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Little Oakley coprolite pits (site of), LITTLE OAKLEY, Tendring District, TM218292, Historical site only
Little Oakley coprolite pits (site of)
(grid reference given for Little Oakley village as exact sites not known)
Fossils from the coprolite pits
In a paper in the Quarterly Journal of the Geological Society in 1857 the author, H. Falconer, recorded the discovery of an exceptionally fine molar tooth of a mastodon from the parish of Ramsey, Essex. Falconer gave a detailed description of the tooth, stating that it was “lately discovered by the Rev. Mr. Marsden in the bed of coprolitic or phosphatic nodules in the parish of Ramsey in Essex … and kindly lent to us for description”. He stated that it was 4.9 inches in length and up to 2.9 inches wide, and from the upper jaw of the creature, right side. The paper contained a fine engraving of the specimen.
Mastodons were the ancestors of mammoths and modern elephants that became extinct in Britain over a million years ago. The name ‘mastodon’ (literally meaning ‘breast tooth’) is derived from the distinctive hemispherical cusps of the molars.
Coprolite was the name given to phosphatic nodules from the basal pebble bed of the Red Crag. This ‘coprolite bed’ as it was called, was dug in Essex and Suffolk as a raw material for the manufacture of phosphate fertiliser before the advent of artificial fertilisers.
The exact place where the mastodon tooth was found is not known. The only places in the parish of Ramsey where the coprolite bed is known to be present at the surface are in the vicinity of Little Oakley. In 1900 the geologist F.W. Harmer recorded in a paper, also in the Quarterly Journal of the Geological Society, that coprolites were dug at two locations in Little Oakley: one to the north of the village near the old rectory in Rectory Lane and one to the south near Newhouse Farm. In 1877 geologist William Whitaker, in his geological Survey Memoir of the area, reported that the Rectory glebe produced about 300 tons of phosphatic nodules and pits to the south of the village produced about 1,000 tons. Unfortunately neither of these localities are actually in the parish of Ramsey as they are just over the border in the parish of Little Oakley. It is most likely, therefore, that the specimen was found in smaller scale coprolite workings to the east, perhaps in the vicinity of Foulton Hall.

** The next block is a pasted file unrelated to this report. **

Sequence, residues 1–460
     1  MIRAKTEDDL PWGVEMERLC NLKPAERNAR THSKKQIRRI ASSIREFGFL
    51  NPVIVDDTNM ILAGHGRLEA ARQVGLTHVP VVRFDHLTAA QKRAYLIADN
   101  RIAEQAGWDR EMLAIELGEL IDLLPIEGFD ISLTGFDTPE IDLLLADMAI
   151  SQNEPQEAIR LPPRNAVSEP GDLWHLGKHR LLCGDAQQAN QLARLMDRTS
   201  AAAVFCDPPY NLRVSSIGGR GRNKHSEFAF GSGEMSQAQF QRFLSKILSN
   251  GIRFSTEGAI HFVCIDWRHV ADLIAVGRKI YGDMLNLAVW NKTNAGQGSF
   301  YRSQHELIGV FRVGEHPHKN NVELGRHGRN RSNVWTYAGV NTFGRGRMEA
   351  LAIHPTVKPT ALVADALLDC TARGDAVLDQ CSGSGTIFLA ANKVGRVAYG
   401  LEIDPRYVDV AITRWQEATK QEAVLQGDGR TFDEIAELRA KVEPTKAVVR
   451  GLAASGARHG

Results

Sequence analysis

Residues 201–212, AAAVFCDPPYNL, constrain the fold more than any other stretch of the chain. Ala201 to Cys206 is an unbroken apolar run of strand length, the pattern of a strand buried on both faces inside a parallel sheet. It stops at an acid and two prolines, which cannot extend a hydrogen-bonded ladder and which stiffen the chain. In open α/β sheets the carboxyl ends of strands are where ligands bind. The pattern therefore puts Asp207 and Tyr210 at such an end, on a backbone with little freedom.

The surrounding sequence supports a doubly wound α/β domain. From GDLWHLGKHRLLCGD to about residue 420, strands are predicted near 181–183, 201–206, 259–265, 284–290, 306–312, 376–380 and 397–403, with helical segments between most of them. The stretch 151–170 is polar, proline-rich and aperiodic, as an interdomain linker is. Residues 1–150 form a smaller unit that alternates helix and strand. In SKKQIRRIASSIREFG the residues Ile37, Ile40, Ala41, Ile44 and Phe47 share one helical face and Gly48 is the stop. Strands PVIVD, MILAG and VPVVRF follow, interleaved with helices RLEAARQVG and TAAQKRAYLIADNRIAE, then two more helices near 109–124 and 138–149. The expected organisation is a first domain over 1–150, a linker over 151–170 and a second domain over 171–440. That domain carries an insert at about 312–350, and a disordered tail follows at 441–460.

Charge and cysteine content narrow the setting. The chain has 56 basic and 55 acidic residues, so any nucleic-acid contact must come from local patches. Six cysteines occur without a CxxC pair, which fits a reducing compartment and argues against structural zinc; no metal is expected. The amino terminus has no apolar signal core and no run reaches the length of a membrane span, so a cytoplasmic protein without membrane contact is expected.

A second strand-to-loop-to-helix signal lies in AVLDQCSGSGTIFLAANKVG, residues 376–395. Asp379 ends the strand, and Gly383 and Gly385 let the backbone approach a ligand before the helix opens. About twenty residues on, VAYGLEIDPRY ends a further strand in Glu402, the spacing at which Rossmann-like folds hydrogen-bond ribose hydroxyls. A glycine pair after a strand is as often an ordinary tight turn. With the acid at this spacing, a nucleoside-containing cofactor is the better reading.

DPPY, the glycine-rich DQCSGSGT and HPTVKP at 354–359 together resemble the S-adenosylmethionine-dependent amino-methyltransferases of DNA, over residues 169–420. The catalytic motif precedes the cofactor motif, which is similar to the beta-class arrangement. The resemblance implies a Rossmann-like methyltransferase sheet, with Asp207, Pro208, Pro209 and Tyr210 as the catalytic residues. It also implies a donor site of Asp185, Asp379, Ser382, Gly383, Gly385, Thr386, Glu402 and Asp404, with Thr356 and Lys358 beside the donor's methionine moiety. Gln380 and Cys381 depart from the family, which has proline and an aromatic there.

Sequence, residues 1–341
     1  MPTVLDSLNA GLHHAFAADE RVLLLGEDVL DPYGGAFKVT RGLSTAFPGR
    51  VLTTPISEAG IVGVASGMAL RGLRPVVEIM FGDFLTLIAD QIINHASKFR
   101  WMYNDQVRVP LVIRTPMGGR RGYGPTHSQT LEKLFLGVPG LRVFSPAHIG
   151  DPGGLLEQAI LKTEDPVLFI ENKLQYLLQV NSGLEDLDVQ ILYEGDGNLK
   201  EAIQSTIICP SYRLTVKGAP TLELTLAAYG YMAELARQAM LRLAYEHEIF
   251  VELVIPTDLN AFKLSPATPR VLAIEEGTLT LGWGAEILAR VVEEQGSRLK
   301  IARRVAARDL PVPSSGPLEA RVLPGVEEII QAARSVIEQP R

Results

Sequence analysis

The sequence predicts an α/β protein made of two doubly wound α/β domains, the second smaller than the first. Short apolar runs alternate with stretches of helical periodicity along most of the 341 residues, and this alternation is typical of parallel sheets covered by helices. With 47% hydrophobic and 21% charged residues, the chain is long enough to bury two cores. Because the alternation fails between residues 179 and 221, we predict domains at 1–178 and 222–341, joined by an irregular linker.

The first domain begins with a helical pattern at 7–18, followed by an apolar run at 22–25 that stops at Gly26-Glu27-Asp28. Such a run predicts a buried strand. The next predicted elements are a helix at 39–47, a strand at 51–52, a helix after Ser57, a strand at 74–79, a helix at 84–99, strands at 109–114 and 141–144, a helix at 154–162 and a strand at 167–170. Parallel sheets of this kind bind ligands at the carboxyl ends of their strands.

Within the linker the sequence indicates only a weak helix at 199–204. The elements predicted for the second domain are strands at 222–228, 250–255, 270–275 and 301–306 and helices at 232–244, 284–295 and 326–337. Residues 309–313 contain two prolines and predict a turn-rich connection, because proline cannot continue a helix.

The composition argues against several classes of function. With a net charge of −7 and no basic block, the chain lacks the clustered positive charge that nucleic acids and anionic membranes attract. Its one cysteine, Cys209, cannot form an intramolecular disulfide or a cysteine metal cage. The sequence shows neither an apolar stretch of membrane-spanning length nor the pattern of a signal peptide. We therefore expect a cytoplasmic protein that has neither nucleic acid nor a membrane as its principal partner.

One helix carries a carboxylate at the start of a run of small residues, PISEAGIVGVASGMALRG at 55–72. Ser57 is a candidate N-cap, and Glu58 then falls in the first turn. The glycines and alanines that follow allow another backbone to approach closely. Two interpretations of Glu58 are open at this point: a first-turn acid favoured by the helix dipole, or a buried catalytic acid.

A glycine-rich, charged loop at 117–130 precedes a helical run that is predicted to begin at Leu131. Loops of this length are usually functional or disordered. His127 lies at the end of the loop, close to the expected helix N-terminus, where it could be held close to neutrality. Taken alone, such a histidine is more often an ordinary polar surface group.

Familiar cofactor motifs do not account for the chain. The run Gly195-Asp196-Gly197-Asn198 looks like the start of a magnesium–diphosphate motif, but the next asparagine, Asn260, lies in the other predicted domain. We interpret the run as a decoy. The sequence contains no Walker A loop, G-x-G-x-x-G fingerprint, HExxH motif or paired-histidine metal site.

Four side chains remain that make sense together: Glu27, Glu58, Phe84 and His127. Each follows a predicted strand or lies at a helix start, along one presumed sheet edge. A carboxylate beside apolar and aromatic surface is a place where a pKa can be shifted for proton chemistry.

Edward Charlesworth, the geologist who coined the term Red Crag, also referred to this fossil. In Saffron Walden Victorian Studies Library is a publication by Charlesworth which he produced in 1886 consisting of an official guide to the collections of the Natural History Museum to which was added unofficial ‘manuscript notes and supplementary printed matter’. In the manuscript notes he recorded and illustrated this specimen.
The current whereabouts of the specimen is not known. In 1857 it was described as being in the collection of the Rev. J.R Marsden of Great Oakley. The exact locations of the various coprolite pits is not clear but it may be that at least one is still in existence.
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Reference: Falconer 1857, Charlesworth 1886, Harmer 1900 (p. 710 and 718)
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